Artist's impression of cosmic rays. Credit: A. Chantelauze, S. Staffi, L. Bret

Have Experts Found the Origin of our Galaxy’s Mystery Cosmic Rays? 10 Things You Should Know

Scientists are close to solving the century-old mystery of cosmic rays.

Scientists at the University of Nagoya in Japan have uncovered a century-old mystery of the origin of mysterious radiation in Earth’s upper atmosphere. They believe that supernova remnants are responsible for cosmic rays and their acceleration through space.


Everything you need to know about cosmic rays and their possible origins

Previous assumptions

In the past, scientists assumed that cosmic events were associated with the Sun, supernovae, gamma-ray bursts, and active galactic nuclei in quasars. However, their exact origin remained unconfirmed for more than 100 years.

Initial discovery

Astronomers first discovered cosmic rays in 1912. Scientists realized that the atmospheric radiation of our planet has distant origins. Since then, observations have found out incredible details about cosmic rays but several questions remained unanswered.

Importance of cosmic rays

Cosmic rays are extremely important for science. As they accelerate through space, they influence the chemical evolution of the interstellar medium, and thus, understanding them will help astronomers understand the evolution of galaxies and space in general.

Gamma-ray production from cosmic rays of protons and electrons. Credit: Astrophysics Laboratory, Nagoya University
Gamma-ray production from cosmic rays of protons and electrons. Credit: Astrophysics Laboratory, Nagoya University

Acceleration

Besides their origin, scientists have been theorizing about what exactly accelerates the protons in the cosmic rays to nearly the speed of light. In their new research, scientists were able to calculate the production of cosmic rays in a supernova remnant, which led to the long-awaited answer to the mystery.

Origins of gamma-rays

Over the past few years, observations have led to the theories that protons accelerated by supernovae interact with protons in the interstellar medium to produce very-high-energy gamma rays. However, gamma rays are also produced by electrons, which interact with infrared or microwave background photons. In order to confirm their theories, scientists have to determine the exact origin of cosmic rays.

Data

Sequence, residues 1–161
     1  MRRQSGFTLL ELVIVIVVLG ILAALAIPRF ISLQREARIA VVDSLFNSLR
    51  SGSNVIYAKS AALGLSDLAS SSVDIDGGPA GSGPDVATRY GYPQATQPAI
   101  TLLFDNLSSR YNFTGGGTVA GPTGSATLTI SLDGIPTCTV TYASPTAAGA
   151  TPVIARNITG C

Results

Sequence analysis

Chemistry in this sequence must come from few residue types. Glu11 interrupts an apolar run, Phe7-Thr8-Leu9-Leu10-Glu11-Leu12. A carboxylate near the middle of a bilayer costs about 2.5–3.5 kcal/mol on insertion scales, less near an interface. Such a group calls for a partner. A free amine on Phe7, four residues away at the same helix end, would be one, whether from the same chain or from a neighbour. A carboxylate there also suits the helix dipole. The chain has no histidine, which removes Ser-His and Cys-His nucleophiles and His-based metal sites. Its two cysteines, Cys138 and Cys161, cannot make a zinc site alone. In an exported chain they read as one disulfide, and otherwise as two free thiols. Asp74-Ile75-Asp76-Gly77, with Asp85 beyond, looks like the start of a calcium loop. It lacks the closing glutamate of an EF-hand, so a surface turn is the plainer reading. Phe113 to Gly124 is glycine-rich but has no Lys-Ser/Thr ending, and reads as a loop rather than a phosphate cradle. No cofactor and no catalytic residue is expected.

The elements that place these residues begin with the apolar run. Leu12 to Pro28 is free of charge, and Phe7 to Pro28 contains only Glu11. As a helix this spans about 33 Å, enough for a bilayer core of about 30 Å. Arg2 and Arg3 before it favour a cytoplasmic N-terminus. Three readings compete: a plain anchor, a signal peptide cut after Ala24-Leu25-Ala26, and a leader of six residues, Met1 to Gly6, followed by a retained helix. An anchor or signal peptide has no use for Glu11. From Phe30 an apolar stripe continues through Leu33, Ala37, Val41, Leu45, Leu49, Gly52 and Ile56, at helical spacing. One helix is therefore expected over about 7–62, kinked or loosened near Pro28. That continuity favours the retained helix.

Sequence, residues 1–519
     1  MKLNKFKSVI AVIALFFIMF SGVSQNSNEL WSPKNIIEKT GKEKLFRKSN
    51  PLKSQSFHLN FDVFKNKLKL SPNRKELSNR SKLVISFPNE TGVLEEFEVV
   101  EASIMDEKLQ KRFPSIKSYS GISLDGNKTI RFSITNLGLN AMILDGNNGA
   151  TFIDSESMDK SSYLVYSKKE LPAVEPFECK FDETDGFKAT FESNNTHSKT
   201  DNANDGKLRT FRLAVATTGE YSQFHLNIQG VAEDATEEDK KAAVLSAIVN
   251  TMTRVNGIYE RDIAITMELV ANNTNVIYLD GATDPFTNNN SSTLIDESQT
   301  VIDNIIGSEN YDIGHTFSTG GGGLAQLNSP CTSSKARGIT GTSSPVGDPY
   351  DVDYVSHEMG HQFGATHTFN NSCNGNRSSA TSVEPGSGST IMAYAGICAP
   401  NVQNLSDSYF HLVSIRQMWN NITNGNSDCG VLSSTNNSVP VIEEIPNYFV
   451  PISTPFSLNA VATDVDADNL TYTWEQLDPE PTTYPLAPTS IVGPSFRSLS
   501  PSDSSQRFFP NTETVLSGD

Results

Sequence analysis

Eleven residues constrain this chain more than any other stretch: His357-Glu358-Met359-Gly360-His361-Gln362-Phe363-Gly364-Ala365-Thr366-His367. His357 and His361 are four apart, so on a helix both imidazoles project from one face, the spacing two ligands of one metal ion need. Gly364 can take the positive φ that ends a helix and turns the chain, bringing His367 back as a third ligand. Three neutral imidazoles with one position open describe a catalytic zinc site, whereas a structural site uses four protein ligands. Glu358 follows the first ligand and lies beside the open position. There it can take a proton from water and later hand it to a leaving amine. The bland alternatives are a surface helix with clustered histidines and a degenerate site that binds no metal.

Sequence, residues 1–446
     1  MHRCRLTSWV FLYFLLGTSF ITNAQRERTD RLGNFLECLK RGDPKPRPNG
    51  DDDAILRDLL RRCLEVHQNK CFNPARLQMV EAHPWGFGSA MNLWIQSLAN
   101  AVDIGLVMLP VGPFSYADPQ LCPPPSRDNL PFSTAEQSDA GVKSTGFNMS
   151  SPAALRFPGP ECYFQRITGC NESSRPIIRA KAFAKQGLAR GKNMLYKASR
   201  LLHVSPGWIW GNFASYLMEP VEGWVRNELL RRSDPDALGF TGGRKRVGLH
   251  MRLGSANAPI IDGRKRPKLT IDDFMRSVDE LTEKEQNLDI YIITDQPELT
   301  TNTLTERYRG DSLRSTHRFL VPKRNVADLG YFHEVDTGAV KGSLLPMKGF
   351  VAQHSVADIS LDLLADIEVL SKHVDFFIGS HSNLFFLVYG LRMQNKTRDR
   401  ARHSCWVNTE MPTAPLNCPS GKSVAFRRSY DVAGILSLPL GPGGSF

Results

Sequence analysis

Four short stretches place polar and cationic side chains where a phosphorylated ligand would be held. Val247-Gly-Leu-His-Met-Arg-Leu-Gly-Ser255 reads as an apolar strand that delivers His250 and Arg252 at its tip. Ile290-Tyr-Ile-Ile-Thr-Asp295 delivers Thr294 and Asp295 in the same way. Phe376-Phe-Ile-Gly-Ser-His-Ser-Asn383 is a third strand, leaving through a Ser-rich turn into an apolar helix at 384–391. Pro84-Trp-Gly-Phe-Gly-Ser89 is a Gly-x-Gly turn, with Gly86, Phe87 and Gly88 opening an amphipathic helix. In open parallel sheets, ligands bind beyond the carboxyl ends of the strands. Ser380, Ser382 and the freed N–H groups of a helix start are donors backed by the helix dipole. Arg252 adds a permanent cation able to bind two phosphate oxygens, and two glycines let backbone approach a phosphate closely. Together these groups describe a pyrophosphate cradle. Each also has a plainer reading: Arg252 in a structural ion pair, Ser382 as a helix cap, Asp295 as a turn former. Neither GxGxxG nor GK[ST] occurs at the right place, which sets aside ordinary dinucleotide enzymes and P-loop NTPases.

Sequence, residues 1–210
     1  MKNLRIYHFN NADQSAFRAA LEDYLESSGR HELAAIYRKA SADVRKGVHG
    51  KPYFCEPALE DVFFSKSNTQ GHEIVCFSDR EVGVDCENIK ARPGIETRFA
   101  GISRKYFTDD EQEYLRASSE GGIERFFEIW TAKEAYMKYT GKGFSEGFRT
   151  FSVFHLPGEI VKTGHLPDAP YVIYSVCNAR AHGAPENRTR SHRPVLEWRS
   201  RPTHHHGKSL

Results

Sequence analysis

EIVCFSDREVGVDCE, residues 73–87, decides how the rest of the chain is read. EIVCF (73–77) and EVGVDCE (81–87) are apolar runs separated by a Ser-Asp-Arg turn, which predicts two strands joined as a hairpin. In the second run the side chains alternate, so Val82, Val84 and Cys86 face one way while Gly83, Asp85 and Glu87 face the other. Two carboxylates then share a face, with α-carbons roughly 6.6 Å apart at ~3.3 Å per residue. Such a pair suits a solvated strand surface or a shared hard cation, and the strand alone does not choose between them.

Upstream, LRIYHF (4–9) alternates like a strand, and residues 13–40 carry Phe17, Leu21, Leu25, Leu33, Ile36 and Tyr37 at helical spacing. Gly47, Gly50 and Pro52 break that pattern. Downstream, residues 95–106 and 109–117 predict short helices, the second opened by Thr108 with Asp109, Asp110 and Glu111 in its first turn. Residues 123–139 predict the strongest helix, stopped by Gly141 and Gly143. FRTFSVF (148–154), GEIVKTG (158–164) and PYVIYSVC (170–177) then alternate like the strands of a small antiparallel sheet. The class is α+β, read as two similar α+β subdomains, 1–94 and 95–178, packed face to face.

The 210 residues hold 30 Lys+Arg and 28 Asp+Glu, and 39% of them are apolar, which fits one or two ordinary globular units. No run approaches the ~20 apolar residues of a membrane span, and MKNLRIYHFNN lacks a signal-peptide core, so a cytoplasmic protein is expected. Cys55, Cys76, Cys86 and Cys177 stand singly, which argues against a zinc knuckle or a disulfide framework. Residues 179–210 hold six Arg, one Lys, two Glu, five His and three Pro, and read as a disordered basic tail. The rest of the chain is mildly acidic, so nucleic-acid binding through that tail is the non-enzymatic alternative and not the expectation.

During their study, scientists combined gamma-ray and X-ray data from several telescopes and instruments around the world. What they found was that roughly 70% of cosmic rays are made from protons while electrons account for the remaining 30%.

Supernova remnants

To date, these results are the most convincing evidence that this phenomenon originates from supernova remnants. This is also the first time in history that scientists quantify their possible origins.

Calculations of gamma-ray intensity, interstellar gas density, and X-ray intensity. Credit: Astrophysics Laboratory, Nagoya University
Calculations of gamma-ray intensity, interstellar gas density, and X-ray intensity. Credit: Astrophysics Laboratory, Nagoya University

The density of the interstellar gas

Scientists based their results on the fact that the intensity of gamma rays caused by collisions of protons with other protons in the interstellar medium must be proportional to the density of the interstellar gas.

The intensity of nonthermal X-ray radiation

At the same time, the intensity of gamma radiation caused by collisions of photons with electrons should be proportional to the intensity of nonthermal X-ray radiation of electrons.

Gamma radiation

Thus, gamma radiation from protons is more common in gas-rich interstellar regions, while radiation caused by electrons is amplified in gas-poor regions. These results should aid scientists in their future studies on the evolution of the interstellar medium.


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Sources:

Fukui, Y. (n.d.). Pursuing the Origin of the Gamma Rays in RX J1713.7-3946 Quantifying the Hadronic and Leptonic Components. The Astrophysical Journal.
Nagoya University. (n.d.). Unveiling a CENTURY-OLD mystery: Where the Milky Way’s cosmic rays come from.
O’Neill, M. (2021, August 27). Unveiling a 100-YEAR-OLD ASTROPHYSICS Mystery: Where the Milky Way’s cosmic rays come from. SciTechDaily.
Williams, M. (2021, August 27). Astronomers locate the source of High-energy cosmic rays. Universe Today.

Written by Vladislav Tchakarov

Hello, my name is Vladislav and I am glad to have you here on Curiosmos. My experience as a freelance writer began in 2018 but I have been part of the Curiosmos family since mid-2020. As a history student, I have a strong passion for history and science, and the opportunity to research and write in this field on a daily basis is a dream come true.

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